By Vera Schwarcz
As Jews, we are a supposed to be attuned to truth. After all, one of the names for God in our tradition is Emet (truth). This attunement does not come easily. Nor is it practiced merely at home. It requires of us a global vision that is at once local and personal as well.
I was in Beijing in the spring of 1989. I thought myself a seasoned observer of change having witnessed the birth pangs of reform after Mao Zedong starting in 1977. I had written about student movements in Chinese history with special focus upon the May 4 demonstration of 1919 that was part of a larger cultural challenge in the name of science and democracy.
But nothing quite prepared me for the passions – and the tragedy – of June 4. It is not only that the “People’s Army” was called in to shoot down unarmed students. It is not only that elders shuddered with memories of the chaos of the Cultural Revolution. It was not only our own misguided wish to identify the students’ discontent with Western-style democracy.
What stabbed the heart then, and aches even more now 30 years later, is how the seeds of hope can be crushed by autocracy and materialism… not only by the physical weapons of the state. It all started at Peking University – Beida – the epicenter of critical thought for over a century. A few students gathered near the statue of Cervantes (donated by the Spanish government) to speak out against Party corruption. And also to voice complaints about food, dorms, exams – student stuff.
In China’s vast landscape, the troubles of students have a way of awakening the conscience of the nation at large. The youth begged, literally on bended knees, for a hearing from their elders. They started a hunger strike. Hundreds of thousands huddled in Tiananmen Square calling upon their teachers Jiujiu haizi – “Save the children!” – a haunting echo of the last line in “A Madman’s Diary” by Lu Xun.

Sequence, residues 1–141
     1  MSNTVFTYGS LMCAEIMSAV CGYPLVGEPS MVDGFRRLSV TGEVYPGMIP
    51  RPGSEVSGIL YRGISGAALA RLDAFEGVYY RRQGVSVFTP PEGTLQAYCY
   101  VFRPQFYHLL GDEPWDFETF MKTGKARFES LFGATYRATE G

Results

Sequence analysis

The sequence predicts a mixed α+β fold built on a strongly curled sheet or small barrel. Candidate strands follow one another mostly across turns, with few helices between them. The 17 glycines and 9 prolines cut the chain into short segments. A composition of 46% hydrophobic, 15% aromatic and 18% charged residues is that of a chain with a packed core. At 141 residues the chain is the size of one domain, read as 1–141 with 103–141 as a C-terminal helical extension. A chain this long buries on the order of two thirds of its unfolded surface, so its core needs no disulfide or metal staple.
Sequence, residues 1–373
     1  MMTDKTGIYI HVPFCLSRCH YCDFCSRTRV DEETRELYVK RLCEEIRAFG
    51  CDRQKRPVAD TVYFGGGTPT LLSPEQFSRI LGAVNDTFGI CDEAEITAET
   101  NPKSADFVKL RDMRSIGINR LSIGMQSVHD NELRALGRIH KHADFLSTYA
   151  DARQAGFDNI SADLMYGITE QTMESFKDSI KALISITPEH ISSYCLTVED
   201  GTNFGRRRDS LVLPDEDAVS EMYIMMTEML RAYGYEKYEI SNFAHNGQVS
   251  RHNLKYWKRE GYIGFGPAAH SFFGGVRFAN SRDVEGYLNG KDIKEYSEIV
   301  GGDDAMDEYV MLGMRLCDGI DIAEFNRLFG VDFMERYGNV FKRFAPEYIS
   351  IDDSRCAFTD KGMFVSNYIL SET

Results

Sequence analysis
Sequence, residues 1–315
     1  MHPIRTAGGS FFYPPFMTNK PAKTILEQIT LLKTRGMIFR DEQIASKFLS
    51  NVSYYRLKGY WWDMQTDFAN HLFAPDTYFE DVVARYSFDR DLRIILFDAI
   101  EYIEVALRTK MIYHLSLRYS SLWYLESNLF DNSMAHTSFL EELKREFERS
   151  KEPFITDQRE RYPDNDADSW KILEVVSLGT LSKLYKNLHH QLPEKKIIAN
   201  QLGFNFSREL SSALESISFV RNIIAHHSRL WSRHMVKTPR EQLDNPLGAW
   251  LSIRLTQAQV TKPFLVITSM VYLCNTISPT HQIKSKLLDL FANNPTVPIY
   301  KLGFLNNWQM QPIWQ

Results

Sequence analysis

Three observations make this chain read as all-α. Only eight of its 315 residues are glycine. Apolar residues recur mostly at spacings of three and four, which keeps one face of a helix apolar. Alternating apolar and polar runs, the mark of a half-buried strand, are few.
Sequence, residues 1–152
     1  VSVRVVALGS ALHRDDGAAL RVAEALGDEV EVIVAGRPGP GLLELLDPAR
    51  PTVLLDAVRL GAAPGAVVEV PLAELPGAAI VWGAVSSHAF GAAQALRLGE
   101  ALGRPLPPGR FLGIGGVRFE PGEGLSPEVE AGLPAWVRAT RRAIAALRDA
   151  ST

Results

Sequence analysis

No help came because the Party had the power to immobilize those who sympathized with the students. In 1989, the army blocked off the square, emptied it with force, fire and guns. “No one died in Tiananmen Square” was and is the official line. Maybe most (numbers have never been counted though dozens of mothers have dared to mourn in public) were murdered a few hundred meters away from the plaza framed by portraits of communist leaders. But if you believe the official line, any lie from Beijing will do.
Disbelievers in the Party’s truth are weeded out daily by internet nannies and police knocking on the door. Yet they proliferate nonetheless. Among the bravest was Liu Xiaobo, a fine writer who won the Nobel Peace Prize in 2010. Rarely was an empty chair in Oslo so eloquent about the missing verities that are the foundation of a totalitarian regime. Liu Xiaobo died as a prisoner. But his words got out and they continue to remain a call to conscience.
Thirty years after the crackdown in Tiananmen Square, Liu’s warning about “The Philosophy of Pork” ring with added truth: “The failure of June 4th remains our most precious ethical fulcrum…Under the dictatorship of the Party where citizens are deprived of basic freedom, power is maintained by encouraging the right to selfishness and secular contentment….Some people, however, are not resigned to a life satiated by pork alone… they maintain against all odds the hope that moral ruin will not have the last word.”
Since June 4 cannot be talked about in China, its ethical challenge is truly global. Will we be content to continue as pork-eaters, secular consumers of China’s lies? Jewish tradition forbids pork as un-kosher. It is time to elevate the kashrut standard to encompass morality as well. Being mindful of the 30th anniversary of the crackdown in Tiananmen is one place to start. Countering enforced amnesia in one corner of the globe, allows us to increase sanctity on a wider scale. To rephrase the teachings of Pirkei Avot: If not now, when? If it does not start with me, what good am I in a world befuddled by consumption of Chinese goods and Chinese lies?
Dr. Vera Schwarcz is Senior Research Fellow, Truman Institute, Hebrew University, Jerusalem, and Emerita Professor of Chinese History, Wesleyan University, CT.